How to Teach a Teen to Drive: Things Parents Should Know
How do Parents Teach Teens to Drive
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Teaching your teenage child how to drive can cause a lot of fear to every parent. Training your kid in the family’s dangerous and most expensive possession can cause tangible and real fears. If you are among the parents teaching your kids how to drive there are many things you should familiarise yourself with teaching your kid how to drive.
Things Parents Should Keep in Mind when Teaching Teen to Drive.
Stage 1: Learning about the Car
This stage orients the kid to the general workings of the car and what the driver needs to know about the vehicle. Here, you can read the manual and perform some practical demonstration. At this stage your kid should learn:
- How to ignite and stop the engine.
- How to switch on and off the headlights and parking lights.
- How to adjust the windscreen wipers and turn them on and off.
- What the lights in the dashboard mean.
- Fastening the seatbelts correctly.
- Inflating the tires, checking the oil and fuelling the vehicle.
- Changing a flat tire.
- Steps to follow in the instant of an accident.
Ensure that your teenager is proficient in the skills taught at each stage before moving to the next one. Do not rush them but be patient with them.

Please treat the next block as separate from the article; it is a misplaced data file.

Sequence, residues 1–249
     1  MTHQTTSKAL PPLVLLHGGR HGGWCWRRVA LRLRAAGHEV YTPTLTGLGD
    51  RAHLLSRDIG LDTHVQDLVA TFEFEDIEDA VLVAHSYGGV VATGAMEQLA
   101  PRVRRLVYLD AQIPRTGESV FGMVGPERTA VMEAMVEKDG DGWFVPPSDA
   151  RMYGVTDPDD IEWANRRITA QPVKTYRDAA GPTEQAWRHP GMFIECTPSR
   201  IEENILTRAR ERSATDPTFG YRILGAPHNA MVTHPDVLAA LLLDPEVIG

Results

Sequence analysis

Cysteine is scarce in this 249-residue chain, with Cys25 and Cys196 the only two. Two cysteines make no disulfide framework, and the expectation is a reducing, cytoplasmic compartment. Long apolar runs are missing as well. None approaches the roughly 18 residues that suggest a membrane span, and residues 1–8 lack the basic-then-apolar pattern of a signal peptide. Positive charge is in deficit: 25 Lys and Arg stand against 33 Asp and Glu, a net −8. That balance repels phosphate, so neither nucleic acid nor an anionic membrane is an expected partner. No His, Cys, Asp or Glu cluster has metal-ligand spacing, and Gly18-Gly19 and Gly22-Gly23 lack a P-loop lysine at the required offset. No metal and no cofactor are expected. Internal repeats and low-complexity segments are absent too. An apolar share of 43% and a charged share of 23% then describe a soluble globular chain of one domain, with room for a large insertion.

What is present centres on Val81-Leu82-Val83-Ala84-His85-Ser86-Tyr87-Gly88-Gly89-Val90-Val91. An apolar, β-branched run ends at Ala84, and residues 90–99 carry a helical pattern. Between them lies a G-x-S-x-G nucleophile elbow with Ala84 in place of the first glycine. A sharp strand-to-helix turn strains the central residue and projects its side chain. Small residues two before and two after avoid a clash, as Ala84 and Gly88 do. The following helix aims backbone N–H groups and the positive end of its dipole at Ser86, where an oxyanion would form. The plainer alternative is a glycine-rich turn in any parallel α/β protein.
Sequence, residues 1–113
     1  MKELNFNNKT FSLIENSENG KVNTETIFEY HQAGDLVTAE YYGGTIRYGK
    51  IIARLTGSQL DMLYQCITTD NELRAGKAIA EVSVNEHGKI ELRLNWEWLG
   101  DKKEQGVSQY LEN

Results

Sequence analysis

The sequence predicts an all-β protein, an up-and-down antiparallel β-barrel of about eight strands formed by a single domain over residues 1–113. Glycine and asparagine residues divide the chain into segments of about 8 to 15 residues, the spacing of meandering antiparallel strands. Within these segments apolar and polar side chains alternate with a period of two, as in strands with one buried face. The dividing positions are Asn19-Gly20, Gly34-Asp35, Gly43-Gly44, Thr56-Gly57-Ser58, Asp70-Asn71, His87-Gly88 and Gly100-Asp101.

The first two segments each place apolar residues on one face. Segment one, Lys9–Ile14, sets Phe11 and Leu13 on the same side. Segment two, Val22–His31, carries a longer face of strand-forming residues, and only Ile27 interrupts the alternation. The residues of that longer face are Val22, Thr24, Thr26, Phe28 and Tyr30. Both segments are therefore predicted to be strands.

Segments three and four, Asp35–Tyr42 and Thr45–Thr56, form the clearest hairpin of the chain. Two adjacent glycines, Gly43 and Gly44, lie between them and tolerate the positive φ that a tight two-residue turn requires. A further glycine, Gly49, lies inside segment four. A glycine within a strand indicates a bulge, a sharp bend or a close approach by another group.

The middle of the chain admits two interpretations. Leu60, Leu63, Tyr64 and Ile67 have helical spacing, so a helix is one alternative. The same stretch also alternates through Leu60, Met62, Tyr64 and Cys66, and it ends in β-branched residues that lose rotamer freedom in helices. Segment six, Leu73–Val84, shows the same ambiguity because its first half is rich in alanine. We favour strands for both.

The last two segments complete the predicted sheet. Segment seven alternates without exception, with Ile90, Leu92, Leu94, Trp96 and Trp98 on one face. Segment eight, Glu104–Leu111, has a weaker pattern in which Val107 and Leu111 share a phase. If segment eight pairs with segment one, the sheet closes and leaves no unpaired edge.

Stage 2: Learning the Basic Skills
This stage involves teaching the teenager how to operate the vehicle and making it do what the driver wants. This skill can be taught in an empty parking area and involves the following:
- Signalling and making safe right and left turns.
- Smoothly stopping the car.
- How to shift gears correctly if using a manual vehicle.
- Reversing the car safely and straight.
- Making them aware of their surroundings in and outside the car.
Stage 3: Handling Distractions and Other Drivers
This stage involves your teenager familiarising themselves with the behavior of other drivers, pedestrians, and parked cars. You can start this step in a residential place until you are confident and then later on move to a multiple lane street later. Upon completion of this stage your teen should learn how to:
- Drive safely via an intersection like four-way stops, uncontrolled intersections, and two way stops.
- Safely and smoothly change lanes.
- Maintain a safe distance between vehicles when in traffic.
- Drive responsibly
- Obeying traffic rules and regulations like driving within safe speed limits.
- Cross railroad tracks safely.
- Check blind spots and use side mirrors.
Stage 4: Parking
Driving and parking are two different things. Most teen accidents are associated with getting in and out of parking lots. To learn about this skill set it is better to teach your teen in a residential street or an empty parking lot. At this stage your teen should be able to:
- Park downhill and uphill safely.
- Parallel park safely.
- Pull into and out of a 90-degree parking space.
- Park into and out of a diagonal parking space.
- Safely make a U-turn.